The right to be paid for travelling to and from work11/09/2015
Those workers who do not have a fixed or habitual place of work are now set to benefit from the latest ruling by the European Court of Justice (ECJ). The case of Federacion de Servicios Privados del Sindicato Comisiones Obreras v Tyco Integrated Security SL and another, considered the time spent travelling each day, by mobile or “peripatetic ” workers, between their homes and the premises of the first and last customers of that working day. The matter in issue being whether this time constituted “working time” under the Working Time Directive (the Directive). If so, did the workers have the right to be remunerated for this time?
Under the Working Time Regulations, British employees cannot work, on average over 17 week period, more than 48 hours per week unless they chose to opt out, and under UK Government guidelines, time spent travelling while at work does count towards this total. However, normal travel to and from work and travelling outside normal working hours does not.
This latest court ruling could change all that. The ECJ has now found that where travel is inherent to the performance of a job for peripatetic workers, this will be considered as work, and therefore, “working time”. Article 2 of the Directive defines “working time” as any period during which, in accordance with national laws and/or practices, the worker is:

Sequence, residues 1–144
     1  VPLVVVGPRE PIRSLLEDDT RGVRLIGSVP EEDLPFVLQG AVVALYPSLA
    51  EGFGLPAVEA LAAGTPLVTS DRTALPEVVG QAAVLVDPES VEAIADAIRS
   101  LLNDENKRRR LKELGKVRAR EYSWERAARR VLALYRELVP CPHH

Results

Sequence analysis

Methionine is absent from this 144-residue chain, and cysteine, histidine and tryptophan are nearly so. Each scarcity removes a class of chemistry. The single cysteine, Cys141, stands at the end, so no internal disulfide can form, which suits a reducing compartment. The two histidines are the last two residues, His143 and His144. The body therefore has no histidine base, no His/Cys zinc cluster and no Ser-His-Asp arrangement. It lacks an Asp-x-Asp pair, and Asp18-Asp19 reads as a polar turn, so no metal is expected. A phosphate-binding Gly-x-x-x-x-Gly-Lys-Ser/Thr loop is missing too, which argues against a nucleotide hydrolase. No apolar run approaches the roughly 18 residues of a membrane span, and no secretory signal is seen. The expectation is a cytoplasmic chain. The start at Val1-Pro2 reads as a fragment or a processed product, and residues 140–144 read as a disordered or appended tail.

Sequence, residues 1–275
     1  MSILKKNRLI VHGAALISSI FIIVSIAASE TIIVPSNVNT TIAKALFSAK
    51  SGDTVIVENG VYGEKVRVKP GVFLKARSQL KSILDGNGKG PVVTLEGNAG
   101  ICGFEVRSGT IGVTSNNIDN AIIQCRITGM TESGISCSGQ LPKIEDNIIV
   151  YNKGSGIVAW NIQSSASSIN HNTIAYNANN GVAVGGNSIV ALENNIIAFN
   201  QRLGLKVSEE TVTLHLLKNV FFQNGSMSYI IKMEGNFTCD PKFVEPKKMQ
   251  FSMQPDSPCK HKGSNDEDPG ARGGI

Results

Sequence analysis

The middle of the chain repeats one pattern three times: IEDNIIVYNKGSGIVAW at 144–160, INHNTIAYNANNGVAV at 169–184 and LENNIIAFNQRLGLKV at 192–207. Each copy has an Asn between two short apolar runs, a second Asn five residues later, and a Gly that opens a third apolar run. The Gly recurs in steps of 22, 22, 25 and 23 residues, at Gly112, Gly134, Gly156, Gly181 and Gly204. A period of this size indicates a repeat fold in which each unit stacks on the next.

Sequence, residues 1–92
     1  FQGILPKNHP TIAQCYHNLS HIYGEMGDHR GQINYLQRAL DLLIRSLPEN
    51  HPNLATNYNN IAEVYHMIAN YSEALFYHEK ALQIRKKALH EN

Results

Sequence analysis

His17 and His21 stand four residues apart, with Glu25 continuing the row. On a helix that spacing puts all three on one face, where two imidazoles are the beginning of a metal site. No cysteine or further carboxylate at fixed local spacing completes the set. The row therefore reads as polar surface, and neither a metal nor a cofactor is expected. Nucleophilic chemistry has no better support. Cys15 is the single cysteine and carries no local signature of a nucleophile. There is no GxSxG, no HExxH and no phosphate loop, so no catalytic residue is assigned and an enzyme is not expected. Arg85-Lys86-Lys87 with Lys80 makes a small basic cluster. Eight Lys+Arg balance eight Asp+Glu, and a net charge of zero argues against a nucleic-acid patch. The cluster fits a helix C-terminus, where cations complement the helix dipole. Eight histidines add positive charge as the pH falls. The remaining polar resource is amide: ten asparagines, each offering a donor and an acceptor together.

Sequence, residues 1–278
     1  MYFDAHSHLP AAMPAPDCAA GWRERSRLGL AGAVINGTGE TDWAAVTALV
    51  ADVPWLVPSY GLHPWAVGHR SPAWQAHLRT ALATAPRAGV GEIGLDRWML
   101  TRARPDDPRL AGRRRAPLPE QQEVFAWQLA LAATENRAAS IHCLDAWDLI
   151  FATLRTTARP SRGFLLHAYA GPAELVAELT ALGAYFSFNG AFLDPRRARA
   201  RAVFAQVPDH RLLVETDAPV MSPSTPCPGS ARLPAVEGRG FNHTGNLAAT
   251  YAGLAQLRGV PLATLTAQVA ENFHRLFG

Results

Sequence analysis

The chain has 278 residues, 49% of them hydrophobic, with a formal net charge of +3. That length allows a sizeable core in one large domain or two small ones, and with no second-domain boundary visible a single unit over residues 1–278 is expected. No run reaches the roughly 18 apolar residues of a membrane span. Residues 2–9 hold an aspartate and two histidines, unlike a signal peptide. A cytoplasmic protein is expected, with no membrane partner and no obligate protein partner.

- at work;
- at the employer’s disposal; and
- carrying out the activity or duties of their job.
In this particular case, the court found that all three elements were present and for the relevant workers:
- travelling is an integral part of being a worker without a fixed or habitual place of work;
- the workers are required to be physically present at the place determined by the employer, and be available immediately as the case may be; and
- a crucial part of the job is to go to customers designated
This is a very important development for employers to be aware of because the UK Courts and Employment Tribunals must interpret UK law in a way that is consistent with the Directive. This is especially relevant for employers within the care trade, plumbing, decorating and other similar trades. Whilst this decision is not directly concerned with the national minimum wage, it may also have implications for what employees have to be paid. Employers remain free to determine the remuneration for the time spent travelling between home and customers. Such remuneration is not subject to the Directive but only to national law.
If you have any further queries about this or require any further assistance on employment law matters in general, please contact Nick Smith at firstname.lastname@example.org or 0191 212 7739 or Robyn Shepherd at email@example.com or 0191 212 7717.